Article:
The Fish Catcher - Back Story
The Fish Catcher
The Fish Catcher was a story that always seemed to be there in the back of my mind because many of the ideas and stories were told to me by my mother when I was twee. She was an evacuee.
In her case she was moved from Greasby on the Wirral to Anglesey in the far west of North Wales.
Before anything else I would like to say that my mother, then a girl, or young woman, of fifteen, when war broke out, was treated very well by her hosts in Amlwch, Anglesey.
Wouldn’t you know it, they were called Mr and Mrs Jones, what else? But of course mum was horrified to find the only privy, as it was called back then, was at the far end of the back garden, and the tales she told of trying to get down there in a rainstorm kept us interested as kids.
There were lots more stories too, some of which inevitably found their way into The Fish Catcher, for it was undeniably true that some evacuees were treated well, while others were treated abominably.
Can you imagine today the outcry if all the kids were taken away from their parents and dumped on unsuspecting country based hosts miles from home?
And remember this, these hosts had no say in whether they accepted the kids or not. So children were dumped on some people who certainly didn’t want them, and on other people who had no experience in bringing up children, and you don’t have to have too much imagination to see that things could and did on occasion go dreadfully wrong.
Back at home a single anti aircraft gun was mounted on the back of a lorry and patrolled up and down Greasby Road letting off thundering bangs whenever the Jerries were about, as they honed in on Liverpool and the docks that brought in the lifeblood that would keep the country going.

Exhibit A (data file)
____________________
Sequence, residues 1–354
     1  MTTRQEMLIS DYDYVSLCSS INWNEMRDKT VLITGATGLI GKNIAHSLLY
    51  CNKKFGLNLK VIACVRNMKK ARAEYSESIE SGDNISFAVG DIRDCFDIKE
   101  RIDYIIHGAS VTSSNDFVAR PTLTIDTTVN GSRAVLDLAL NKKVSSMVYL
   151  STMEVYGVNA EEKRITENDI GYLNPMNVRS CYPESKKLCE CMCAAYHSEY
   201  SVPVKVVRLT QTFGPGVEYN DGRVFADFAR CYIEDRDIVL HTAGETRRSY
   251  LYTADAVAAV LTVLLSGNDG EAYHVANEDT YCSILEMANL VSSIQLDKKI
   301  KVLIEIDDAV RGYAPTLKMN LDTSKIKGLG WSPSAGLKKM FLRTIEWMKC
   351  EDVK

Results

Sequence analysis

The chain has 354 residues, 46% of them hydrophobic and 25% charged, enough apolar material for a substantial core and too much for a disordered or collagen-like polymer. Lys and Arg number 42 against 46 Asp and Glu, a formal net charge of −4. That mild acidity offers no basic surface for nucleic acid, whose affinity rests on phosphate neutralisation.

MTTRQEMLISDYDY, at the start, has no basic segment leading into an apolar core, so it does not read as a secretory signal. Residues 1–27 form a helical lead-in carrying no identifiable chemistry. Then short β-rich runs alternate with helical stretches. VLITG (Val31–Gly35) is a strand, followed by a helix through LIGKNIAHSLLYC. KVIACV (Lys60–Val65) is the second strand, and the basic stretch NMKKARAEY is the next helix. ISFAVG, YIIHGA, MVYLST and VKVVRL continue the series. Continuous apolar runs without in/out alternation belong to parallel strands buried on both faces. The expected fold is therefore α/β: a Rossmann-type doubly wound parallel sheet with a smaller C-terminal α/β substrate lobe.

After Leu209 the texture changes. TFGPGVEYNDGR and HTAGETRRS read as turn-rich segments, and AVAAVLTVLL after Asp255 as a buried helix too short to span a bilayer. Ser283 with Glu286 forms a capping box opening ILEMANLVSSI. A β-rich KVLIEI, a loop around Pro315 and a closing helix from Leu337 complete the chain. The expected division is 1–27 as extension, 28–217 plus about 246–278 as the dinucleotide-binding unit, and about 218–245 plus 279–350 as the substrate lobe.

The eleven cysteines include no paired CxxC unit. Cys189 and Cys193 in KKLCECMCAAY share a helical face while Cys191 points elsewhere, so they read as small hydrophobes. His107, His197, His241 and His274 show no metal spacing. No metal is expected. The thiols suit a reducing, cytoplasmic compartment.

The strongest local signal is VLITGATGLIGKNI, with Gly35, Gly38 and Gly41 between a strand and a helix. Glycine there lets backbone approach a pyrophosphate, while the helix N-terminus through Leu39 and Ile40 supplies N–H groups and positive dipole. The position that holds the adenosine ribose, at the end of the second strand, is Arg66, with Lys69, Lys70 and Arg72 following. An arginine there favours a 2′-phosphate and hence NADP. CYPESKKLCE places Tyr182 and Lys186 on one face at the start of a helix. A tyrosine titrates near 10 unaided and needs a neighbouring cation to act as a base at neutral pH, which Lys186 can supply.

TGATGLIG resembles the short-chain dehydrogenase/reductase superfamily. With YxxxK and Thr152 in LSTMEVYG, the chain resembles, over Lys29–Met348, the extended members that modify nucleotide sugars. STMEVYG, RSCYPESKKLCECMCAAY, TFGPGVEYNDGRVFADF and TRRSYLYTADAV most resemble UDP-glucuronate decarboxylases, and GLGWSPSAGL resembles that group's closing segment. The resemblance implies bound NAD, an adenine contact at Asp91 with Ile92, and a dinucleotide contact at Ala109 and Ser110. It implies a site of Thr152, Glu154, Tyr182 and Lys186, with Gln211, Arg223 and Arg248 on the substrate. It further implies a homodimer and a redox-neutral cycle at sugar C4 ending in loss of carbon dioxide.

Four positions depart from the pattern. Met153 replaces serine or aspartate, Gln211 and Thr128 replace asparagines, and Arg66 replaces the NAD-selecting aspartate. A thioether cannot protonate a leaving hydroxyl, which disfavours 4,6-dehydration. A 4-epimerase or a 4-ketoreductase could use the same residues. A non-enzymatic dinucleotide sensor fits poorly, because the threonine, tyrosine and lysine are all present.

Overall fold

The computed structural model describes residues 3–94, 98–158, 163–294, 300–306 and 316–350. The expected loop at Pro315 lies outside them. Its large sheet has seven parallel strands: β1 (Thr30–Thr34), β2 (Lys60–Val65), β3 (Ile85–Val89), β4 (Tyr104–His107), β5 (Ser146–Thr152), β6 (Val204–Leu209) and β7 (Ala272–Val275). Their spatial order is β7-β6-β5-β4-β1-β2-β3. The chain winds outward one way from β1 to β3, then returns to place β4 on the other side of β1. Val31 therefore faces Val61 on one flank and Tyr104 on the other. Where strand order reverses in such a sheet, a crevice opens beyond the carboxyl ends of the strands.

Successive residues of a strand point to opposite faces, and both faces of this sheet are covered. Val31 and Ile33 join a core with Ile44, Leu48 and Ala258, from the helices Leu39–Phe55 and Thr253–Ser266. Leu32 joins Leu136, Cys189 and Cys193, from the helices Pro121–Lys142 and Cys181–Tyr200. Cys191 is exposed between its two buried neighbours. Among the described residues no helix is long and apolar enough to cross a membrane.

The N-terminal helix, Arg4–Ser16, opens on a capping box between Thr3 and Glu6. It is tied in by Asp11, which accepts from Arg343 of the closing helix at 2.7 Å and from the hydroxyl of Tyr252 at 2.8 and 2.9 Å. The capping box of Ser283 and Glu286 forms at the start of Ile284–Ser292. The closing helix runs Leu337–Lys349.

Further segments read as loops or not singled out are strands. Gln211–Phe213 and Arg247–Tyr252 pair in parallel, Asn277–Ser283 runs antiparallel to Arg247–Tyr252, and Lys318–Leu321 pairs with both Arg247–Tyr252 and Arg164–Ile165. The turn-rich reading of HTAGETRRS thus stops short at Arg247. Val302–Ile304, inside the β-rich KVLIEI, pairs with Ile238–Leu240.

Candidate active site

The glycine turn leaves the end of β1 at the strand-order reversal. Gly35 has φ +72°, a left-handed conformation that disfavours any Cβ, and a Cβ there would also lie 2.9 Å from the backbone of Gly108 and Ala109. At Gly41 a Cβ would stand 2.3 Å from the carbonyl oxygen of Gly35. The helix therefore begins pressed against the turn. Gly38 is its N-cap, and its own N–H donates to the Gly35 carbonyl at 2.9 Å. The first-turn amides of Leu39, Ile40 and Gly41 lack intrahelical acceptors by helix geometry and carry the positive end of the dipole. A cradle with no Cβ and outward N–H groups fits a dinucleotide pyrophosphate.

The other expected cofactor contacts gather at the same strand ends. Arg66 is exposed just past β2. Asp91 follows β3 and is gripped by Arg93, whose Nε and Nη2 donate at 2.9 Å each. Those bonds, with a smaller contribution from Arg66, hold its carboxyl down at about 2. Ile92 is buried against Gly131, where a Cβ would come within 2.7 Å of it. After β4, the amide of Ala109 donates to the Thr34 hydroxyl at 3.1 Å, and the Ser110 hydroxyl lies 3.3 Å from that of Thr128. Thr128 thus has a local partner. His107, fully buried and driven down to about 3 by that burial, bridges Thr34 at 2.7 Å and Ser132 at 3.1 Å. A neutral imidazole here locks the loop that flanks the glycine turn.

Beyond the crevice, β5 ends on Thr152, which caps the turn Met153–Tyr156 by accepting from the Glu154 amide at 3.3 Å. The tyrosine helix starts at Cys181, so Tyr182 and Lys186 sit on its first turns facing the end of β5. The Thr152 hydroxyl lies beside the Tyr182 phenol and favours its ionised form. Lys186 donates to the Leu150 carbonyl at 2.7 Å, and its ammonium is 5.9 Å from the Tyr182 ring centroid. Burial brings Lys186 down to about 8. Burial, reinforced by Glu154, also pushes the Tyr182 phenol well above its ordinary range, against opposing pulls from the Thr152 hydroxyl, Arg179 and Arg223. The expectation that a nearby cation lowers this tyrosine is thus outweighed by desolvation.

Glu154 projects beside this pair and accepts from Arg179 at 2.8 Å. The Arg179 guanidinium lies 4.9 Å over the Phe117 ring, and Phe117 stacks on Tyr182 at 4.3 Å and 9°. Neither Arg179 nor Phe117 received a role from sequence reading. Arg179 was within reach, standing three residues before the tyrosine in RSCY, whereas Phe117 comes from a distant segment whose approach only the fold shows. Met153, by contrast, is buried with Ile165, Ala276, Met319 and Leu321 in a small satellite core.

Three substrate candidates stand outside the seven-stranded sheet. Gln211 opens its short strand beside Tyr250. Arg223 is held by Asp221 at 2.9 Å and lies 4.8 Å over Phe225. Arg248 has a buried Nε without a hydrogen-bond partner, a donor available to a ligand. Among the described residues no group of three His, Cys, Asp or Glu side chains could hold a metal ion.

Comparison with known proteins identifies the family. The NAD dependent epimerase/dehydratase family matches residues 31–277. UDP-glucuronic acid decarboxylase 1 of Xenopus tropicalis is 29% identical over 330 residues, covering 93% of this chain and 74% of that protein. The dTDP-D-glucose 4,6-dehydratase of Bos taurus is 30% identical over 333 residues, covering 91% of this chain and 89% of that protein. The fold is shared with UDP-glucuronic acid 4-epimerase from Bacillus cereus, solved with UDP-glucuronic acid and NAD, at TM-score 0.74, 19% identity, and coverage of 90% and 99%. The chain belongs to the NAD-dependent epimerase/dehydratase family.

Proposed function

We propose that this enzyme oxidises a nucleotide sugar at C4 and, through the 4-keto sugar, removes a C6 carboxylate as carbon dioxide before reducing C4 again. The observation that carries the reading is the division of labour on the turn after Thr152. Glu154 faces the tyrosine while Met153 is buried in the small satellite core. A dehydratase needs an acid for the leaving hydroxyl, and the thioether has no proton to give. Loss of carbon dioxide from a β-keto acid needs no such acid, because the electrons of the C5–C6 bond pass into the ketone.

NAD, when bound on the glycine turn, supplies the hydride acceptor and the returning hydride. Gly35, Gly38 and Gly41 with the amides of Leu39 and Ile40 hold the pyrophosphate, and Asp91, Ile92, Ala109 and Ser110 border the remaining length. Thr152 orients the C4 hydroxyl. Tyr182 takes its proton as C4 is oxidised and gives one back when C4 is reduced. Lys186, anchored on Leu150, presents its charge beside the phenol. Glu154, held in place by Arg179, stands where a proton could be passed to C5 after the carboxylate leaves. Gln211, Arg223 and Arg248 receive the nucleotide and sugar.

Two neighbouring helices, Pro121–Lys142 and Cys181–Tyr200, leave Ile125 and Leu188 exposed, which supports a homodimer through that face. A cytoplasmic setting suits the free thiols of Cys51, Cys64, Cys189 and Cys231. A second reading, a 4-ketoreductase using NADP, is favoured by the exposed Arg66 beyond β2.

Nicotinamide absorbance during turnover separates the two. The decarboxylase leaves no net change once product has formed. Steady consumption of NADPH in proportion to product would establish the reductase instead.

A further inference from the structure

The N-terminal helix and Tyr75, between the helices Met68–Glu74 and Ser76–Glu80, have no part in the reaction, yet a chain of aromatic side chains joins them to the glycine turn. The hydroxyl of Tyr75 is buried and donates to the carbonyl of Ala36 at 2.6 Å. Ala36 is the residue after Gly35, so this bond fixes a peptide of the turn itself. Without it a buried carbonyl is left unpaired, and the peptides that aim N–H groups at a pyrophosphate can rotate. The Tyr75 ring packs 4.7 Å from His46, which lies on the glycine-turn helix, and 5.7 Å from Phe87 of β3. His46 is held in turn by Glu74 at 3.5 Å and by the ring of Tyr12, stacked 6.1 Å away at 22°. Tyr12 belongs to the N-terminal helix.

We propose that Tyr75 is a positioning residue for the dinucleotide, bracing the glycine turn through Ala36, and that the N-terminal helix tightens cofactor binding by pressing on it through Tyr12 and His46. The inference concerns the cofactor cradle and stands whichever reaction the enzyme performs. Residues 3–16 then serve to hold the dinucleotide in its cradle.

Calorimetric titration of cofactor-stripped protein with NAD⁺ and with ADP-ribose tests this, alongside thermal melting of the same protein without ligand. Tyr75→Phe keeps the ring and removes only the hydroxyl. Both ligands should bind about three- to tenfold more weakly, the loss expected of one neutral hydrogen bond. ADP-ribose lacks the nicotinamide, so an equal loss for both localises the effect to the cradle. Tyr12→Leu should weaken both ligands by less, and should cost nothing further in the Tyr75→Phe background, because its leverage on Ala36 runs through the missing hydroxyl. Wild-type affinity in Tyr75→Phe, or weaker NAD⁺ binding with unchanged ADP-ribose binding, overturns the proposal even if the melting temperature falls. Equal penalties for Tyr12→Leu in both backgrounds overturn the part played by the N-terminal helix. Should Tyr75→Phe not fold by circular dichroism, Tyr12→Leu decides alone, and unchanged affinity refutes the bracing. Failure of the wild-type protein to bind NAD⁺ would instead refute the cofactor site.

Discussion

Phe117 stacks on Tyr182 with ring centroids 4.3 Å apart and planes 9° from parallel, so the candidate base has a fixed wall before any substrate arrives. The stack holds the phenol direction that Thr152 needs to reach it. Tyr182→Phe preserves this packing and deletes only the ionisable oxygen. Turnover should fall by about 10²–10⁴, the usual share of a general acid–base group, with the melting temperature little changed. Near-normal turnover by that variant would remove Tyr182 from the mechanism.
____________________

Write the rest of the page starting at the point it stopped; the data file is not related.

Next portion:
As I have never been to Anglesey it didn’t seem sensible to set my story there for obvious reasons.
And as for my mum, she began the war as a schoolgirl, and ended it a WREN serving her country. For at least a year she was in the mail section based on the Clyde responsible for delivering post out to the sailors on the ships waiting there in mid river. She told me it was not much fun trying to jump from a mail boat onto a ship’s gangplank with a heavy sack of mail as the launch lurched every which way, and the sailors topside looked over the side and issued a few choice remarks.
I guess the kids and young people of that time must have grown up pretty quickly, but grow up they did, and we who are still here all owe them a huge debt.
By the time the war ended my mother was twenty and if the stories are to be believed, in love with an American!
Here are her medals that she always so proudly wore whenever the opportunity arose.
And if you are wondering what the third one on the far right is for, it was issued in 1994, and the wording on the reverse says WRNS – HMS Wildfire – Sheerness 1944. It’s a Frontline Britain Defence Medal.
So The Fish Catcher is a story of murder and intrigue, a story that follows the fortunes of the Fissleborough sisters and young Billy Grimes, evacuated from London to Devon, and it is dedicated to my late mum.
And here is the lady herself, aged about twenty, around about 1944, looking very proud of herself, and rightly so, in her WREN uniform.
Hazel Elsie Louisa Carter, nee Adshead 1924-1996
You can read more about The Fish Catcher by going here.